This is an archived article that was published on sltrib.com in 2012, and information in the article may be outdated. It is provided only for personal research purposes and may not be reprinted.
The soon-to-be-defunct Radiation Control Board handed EnergySolutions a nicely wrapped gift at its final meeting this past week. Its members declined to arrive at wording for a ban on blended radioactive waste. That failure will allow the hazardous-waste disposal company to accept 40,000 cubic feet of blended waste each year while regulators study the site to determine if such waste disposal is safe.
The board is being dissolved along with four other environmental boards as a result of misguided legislation sponsored by Sen. Margaret Dayton, R-Orem, and passed by the Legislature this year. In one of its final actions, the radiation board declined to vote on regulations proposed by a Utah health advocacy group.
The Healthy Environmental Alliance, called HEAL Utah, has been pushing for regulations that would prohibit waste that is too hot to be allowed under Utah law but has been blended with less-hot waste in order to meet the standard. The board earlier approved a position statement opposing the practice of waste blending when the intent was to circumvent the state ban on hotter nuclear waste. Despite the board's opposition, DEQ regulators approved EnergySolutions' proposal.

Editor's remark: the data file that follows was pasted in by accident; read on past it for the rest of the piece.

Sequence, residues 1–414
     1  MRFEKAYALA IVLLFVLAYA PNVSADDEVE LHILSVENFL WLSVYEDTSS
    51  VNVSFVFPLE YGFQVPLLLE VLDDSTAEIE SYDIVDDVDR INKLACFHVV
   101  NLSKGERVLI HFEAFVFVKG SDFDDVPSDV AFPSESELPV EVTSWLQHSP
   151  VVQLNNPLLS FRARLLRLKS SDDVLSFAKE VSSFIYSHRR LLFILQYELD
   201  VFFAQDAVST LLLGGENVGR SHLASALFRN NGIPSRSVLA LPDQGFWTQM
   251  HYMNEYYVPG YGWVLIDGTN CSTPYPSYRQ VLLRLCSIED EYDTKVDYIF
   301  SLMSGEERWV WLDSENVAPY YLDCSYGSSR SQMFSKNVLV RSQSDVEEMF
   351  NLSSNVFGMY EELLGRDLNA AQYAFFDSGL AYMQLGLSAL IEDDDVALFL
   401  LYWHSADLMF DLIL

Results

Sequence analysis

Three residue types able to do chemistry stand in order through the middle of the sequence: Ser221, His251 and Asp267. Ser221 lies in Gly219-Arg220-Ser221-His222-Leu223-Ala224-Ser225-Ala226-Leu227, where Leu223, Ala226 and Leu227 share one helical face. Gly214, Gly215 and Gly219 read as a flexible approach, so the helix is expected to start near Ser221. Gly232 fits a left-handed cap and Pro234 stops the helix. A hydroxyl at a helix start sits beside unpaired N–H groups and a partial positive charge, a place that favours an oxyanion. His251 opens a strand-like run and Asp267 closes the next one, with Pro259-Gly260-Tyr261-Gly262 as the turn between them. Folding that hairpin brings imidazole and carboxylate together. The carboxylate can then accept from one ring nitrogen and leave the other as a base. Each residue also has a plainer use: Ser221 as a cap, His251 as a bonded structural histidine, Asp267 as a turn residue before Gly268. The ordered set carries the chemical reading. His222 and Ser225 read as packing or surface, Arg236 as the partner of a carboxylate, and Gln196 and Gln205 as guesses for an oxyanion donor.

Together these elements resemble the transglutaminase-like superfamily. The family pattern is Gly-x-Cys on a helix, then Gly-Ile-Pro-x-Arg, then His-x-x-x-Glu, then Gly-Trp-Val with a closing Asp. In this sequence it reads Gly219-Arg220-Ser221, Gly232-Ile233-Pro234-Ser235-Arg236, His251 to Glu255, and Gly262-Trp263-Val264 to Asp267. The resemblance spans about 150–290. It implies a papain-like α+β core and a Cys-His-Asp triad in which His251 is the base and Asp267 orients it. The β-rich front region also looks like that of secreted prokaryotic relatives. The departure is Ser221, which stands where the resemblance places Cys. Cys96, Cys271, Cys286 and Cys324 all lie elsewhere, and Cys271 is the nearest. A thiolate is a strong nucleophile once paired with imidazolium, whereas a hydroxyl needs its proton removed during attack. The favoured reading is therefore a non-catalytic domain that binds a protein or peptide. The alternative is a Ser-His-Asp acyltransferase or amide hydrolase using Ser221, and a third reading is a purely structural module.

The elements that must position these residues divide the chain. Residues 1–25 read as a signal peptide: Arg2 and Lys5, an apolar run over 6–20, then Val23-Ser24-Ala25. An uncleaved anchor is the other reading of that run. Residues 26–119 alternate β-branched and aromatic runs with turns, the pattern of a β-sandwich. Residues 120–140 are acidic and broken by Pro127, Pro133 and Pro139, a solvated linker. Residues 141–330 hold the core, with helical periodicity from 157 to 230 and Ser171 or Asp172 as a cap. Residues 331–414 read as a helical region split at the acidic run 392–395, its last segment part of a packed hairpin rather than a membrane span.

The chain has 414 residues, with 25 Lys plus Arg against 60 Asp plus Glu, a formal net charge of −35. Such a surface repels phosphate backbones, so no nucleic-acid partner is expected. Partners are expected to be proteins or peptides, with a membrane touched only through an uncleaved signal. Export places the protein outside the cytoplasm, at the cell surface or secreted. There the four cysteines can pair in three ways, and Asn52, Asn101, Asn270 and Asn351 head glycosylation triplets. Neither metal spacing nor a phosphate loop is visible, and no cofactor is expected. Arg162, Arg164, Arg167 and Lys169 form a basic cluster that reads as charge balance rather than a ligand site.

HEAL officials were told at the final board meeting that it was too late to take up the issue.
That decision makes Dayton's legislation even more troublesome for Utahns long-term, because the smaller board expected to be seated this fall will have fewer health experts who are more interested in public health than in protecting EnergySolutions' bottom line but the same number of industry representatives.
The Legislature changed the makeup and diluted the authority of Utah's citizen environmental boards in favor of polluting industries and people who are supported by them. Dayton's bill was written by the Utah Mining Association and Utah Manufacturing Association, which gave $86,000 to candidates during the past four years.
Dayton outrageously said she believes the federal Environmental Protection Agency, which protects Americans from chemical pollution in air, water and land, is illegal. And she said any environmental protections should reflect "Utah values," which is GOP code for putting business and political interests ahead of health concerns.
Dayton's bill removes the boards' authority to adjudicate appeals of permit decisions and other rulings.
It's not surprising the doomed radiation board has given up the fight.